The term tetrapodomorph is used for the stem-based definition: any animal, more related to living amphibians, reptiles and mammals than to living dipnoi. The group so defined is known as the tetrapod total group. Stegocephalia is a larger group equivalent to some broader uses of the word tetrapod, used by scientists who prefer to reserve tetrapod for the crown group; such scientists use the term "stem-tetrapod" to refer to those tetrapod-like vertebrates that are not members of the crown group, including the tetrapodomorph fishes. The two subclades of crown tetrapods are Reptiliomorpha. Batrachomorphs are all animals sharing a more recent common ancestry with living amphibians than with living amniotes. Reptiliomorphs are all animals sharing a more recent common ancestry with living amniotes than with living amphibians. Tetrapoda includes four living classes: amphibians, reptiles and birds. Overall, the biodiversity of lissamphibians, as well as of tetrapods has grown exponentially over time. However, that diversification process was interrupted at least a few times by major biological crises, such as the Permian–Triassic extinction event, which at least affected amniotes.
The overall composition of biodiversity was driven by amphibians in the Palaeozoic, dominated by reptiles in the Mesozoic and expanded by the explosive growth of birds and mammals in the Cenozoic. As biodiversity has grown, so has the number of niches that tetrapods have occupied; the first tetrapods were aquatic and fed on fish. Today, the Earth supports a great diversity of tetrapods that live in many habitats and subsist on a variety of diets; the following table shows summary estimates for each tetrapod class from the IUCN Red List of Threatened Species, 2014.3, for the number of extant species that have been described in the literature, as well as the number of threatened species. The classification of tetrapods has a long history. Traditionally, tetrapods are divided into four classes based on gross anatomical and physiological traits. Snakes and other legless reptiles are considered tetrapods because they are sufficiently like other reptiles that have a full complement of limbs. Similar considerations apply to aquatic mammals.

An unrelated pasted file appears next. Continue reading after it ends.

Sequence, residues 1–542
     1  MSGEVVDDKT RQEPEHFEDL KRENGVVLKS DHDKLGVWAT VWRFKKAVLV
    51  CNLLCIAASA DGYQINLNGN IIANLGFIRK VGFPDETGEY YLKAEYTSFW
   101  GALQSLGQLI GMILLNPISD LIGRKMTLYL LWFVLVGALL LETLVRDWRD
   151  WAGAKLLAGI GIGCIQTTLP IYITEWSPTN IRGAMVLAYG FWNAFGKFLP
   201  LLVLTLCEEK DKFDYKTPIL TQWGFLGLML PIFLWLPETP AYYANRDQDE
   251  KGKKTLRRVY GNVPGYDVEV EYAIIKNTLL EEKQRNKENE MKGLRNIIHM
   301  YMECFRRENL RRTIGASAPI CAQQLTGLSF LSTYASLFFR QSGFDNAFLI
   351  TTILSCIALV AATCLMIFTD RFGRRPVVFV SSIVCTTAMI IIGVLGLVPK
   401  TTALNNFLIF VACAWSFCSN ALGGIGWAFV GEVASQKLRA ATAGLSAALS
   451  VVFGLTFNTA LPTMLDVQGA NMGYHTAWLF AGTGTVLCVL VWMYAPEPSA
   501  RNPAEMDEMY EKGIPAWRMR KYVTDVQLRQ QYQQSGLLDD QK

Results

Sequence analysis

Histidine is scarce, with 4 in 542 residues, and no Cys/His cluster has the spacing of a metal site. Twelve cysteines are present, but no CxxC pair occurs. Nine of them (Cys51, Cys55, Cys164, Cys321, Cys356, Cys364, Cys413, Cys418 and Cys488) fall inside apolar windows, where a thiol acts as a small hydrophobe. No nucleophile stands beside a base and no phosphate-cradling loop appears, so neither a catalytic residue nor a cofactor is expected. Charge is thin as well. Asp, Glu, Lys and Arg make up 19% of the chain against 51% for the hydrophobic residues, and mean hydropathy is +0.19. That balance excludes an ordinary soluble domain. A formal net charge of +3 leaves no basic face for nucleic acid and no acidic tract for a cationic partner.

Newer taxonomy is based on cladistics instead, giving a variable number of major "branches" of the tetrapod family tree. As is the case throughout evolutionary biology today, there is debate over how to properly classify the groups within Tetrapoda. Traditional biological classification sometimes fa